Fifth Democrat joins gubernatorial race

February 08, 1994|By Robert Timberg | Robert Timberg,Sun Staff Writer

Former state Del. Frank M. Conaway, a veteran West Baltimore politician who last held public office more than a decade ago, announced yesterday that he plans to seek the Democratic nomination for governor.

Mr. Conaway becomes the only black in what is now a five-person Democratic field. He said he hopes to appeal to all Maryland voters, but pegged his chances for victory to persuading a majority of blacks to support him.

"Obviously, I'm going to get some white voters, but most are going to come from the Afro-American community," he said in a telephone interview. "When you take those numbers, about 1 million, that's enough."

According to the 1990 U.S. Census, blacks make up 1.2 million, or 24.9 percent, of the state's 4.8 million population.

Mr. Conaway, 60, said he has asked former Lt. Gov. Samuel W. Bogley to be his running mate and that Mr. Bogley was considering the offer. Mr. Bogley was elected with Harry Hughes in 1978, but was dropped from the ticket four years later.

At the heart of the discord between Mr. Hughes and Mr. Bogley was the abortion issue. Mr. Hughes favored abortion rights, while Mr. Bogley strongly opposed abortion. Mr. Bogley could not be reached for comment last night.

Mr. Conaway, a one-time insurance executive and the husband of Baltimore Register of Wills Mary W. Conaway, announced his candidacy in a press release faxed to news organizations.

In his statement, he said he has spent the past few weeks traveling around the state and "everywhere I went, people were simply appalled . . . that no viable black candidate was running for governor."

He promised a campaign focusing on joblessness, crime, schools, drug abuse and the breakdown of the traditional nuclear family.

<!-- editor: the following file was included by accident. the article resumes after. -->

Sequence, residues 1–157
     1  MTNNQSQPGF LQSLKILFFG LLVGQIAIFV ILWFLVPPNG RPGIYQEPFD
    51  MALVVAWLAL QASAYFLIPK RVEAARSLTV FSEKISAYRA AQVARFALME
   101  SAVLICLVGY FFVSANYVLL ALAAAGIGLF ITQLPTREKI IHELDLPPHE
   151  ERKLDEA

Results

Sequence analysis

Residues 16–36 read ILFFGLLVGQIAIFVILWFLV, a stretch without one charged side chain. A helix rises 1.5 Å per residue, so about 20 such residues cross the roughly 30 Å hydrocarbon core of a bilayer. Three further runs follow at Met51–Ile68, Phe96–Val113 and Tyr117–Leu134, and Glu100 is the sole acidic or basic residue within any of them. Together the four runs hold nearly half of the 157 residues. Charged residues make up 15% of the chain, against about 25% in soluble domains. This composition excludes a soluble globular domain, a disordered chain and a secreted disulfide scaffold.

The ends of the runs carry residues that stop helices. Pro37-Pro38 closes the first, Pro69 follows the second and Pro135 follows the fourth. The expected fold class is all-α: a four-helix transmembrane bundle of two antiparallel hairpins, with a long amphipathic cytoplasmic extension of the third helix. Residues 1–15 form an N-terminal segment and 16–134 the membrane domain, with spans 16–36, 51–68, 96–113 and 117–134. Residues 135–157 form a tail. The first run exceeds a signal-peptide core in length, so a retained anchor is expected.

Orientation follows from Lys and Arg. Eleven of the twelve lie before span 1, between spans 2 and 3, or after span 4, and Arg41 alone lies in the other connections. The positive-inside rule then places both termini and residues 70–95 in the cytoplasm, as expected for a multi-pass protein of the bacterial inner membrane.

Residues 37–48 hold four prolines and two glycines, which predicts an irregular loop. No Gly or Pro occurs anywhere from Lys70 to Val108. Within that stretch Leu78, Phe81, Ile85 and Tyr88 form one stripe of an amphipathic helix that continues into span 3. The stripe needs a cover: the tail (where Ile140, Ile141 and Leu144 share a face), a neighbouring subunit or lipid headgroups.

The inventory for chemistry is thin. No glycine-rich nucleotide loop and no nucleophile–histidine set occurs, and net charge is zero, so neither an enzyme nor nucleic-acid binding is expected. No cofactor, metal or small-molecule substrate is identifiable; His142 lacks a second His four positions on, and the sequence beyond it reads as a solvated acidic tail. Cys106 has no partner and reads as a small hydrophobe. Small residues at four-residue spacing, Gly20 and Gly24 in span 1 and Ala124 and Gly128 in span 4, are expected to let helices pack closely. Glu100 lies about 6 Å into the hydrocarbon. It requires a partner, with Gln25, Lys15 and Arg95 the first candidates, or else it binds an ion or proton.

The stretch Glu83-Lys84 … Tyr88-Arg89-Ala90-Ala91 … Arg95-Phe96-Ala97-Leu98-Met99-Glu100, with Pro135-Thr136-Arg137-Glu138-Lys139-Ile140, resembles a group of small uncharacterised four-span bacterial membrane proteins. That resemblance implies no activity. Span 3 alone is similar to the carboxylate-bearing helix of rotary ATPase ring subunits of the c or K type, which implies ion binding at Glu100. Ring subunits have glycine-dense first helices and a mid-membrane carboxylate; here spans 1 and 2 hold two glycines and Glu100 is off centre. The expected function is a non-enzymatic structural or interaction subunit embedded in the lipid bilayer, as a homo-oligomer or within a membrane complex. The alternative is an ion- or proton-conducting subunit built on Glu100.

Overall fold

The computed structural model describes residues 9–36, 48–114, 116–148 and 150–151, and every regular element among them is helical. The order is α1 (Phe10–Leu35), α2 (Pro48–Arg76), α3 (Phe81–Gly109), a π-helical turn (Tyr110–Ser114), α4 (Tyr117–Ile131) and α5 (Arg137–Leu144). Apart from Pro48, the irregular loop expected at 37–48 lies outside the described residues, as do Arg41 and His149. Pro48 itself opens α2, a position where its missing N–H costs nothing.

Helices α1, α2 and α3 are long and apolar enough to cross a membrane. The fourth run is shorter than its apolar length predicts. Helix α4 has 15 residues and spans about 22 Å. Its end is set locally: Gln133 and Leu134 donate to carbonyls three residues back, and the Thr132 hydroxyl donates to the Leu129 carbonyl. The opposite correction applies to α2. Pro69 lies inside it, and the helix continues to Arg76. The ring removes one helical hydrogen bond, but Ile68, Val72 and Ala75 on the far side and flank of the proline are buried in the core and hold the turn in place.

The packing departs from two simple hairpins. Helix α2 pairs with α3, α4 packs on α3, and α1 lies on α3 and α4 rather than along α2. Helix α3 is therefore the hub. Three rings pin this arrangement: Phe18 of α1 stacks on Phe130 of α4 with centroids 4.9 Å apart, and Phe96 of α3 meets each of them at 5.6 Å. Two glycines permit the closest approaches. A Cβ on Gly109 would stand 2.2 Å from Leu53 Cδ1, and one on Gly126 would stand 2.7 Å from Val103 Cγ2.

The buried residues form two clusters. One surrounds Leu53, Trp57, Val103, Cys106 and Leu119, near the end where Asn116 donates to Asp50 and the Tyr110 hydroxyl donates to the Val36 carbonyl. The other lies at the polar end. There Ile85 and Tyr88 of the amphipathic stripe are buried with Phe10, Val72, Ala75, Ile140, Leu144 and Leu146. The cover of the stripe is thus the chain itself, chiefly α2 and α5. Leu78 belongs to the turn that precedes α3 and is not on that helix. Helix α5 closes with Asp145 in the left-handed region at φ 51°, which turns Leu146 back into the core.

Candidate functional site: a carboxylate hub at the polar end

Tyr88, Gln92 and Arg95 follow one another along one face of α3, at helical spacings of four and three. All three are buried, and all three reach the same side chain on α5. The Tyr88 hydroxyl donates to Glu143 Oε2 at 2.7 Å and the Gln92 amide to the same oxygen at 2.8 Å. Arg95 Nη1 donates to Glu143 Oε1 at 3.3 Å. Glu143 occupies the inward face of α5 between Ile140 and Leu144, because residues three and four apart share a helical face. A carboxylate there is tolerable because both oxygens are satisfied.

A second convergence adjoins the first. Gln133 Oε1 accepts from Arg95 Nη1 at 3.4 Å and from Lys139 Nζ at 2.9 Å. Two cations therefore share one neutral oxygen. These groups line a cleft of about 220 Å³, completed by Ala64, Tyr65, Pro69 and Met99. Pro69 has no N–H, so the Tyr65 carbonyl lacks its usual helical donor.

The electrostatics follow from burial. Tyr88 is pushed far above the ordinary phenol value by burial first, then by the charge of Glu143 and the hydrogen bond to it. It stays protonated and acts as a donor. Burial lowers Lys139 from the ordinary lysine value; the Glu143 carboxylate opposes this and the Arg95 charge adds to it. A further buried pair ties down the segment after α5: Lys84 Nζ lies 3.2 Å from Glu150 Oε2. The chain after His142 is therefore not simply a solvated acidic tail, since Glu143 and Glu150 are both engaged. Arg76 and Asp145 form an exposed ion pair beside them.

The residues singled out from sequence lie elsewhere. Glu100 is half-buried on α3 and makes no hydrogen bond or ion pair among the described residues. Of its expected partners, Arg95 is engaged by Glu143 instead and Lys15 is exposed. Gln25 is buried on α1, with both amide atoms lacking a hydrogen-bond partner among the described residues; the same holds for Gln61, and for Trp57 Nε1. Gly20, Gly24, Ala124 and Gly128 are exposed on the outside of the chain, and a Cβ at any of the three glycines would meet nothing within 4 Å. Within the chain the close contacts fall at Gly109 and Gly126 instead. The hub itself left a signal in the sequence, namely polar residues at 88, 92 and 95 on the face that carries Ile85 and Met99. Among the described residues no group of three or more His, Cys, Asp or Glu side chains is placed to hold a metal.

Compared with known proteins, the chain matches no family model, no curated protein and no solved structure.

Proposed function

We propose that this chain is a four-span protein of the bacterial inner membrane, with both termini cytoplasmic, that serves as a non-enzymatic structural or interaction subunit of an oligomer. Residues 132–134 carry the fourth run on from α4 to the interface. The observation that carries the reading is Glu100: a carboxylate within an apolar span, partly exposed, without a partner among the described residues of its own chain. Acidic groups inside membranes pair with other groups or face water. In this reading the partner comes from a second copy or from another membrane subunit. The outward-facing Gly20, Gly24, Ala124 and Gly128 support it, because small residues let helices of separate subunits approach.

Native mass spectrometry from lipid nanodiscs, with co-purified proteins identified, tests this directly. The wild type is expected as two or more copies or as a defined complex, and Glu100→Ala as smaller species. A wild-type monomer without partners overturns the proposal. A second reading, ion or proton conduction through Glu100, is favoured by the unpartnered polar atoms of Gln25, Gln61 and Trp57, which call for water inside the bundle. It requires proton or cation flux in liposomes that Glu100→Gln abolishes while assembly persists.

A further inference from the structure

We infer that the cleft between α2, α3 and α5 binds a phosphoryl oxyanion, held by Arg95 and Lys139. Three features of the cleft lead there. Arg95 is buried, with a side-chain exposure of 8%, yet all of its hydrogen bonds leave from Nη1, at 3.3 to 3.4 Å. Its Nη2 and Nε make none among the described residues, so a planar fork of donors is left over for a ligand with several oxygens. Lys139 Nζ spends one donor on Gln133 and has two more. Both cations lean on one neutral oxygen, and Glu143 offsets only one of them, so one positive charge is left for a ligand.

Mr. Conaway has a lengthy political resume. He was first elected to the House of Delegates in 1970, then failed to win re-election four years later. In 1978 he was successful in regaining his West Baltimore delegate seat, only to lose it again four years later.

That defeat, in 1982, came after the state Insurance Division charged him and his partners in an insurance firm with mishandling more than $200,000 in premiums from clients.

Administrative charges were dropped before the election when Mr. Conaway surrendered his insurance broker's license, but the voters rejected him anyway.

Mr. Conaway later filed for bankruptcy. He has since waged two bTC more unsuccessful races, for delegate in 1986 and City Council the following year.

Mr. Conaway currently runs a travel agency and a company that sells security equipment.

As a delegate, Mr. Conaway supported tough gun control legislation, sponsored a bill that would have required doctors to post their fees in waiting rooms, and campaigned to make peppermint lemonade the state drink.

He also urged blacks to boycott the Baltimore Colts after the team traded star running back Lydell Mitchell.

Mr. Conaway joins a Democratic field that includes Lt. Gov. Melvin A. Steinberg, Prince George's County Executive Parris N. Glendening, state Sen. Mary H. Boergers of Montgomery County, and state Sen. American Joe Miedusiewski of Baltimore.

In response to questions yesterday, Mr. Conaway acknowledged that no members of the General Assembly are backing his candidacy.

He said he has a core campaign group of about 35 advisers and supporters, but said they had asked him not to identify them.

Asked the reason, he said, "I don't know why. When people want to help, it's not good politics to ask them why."

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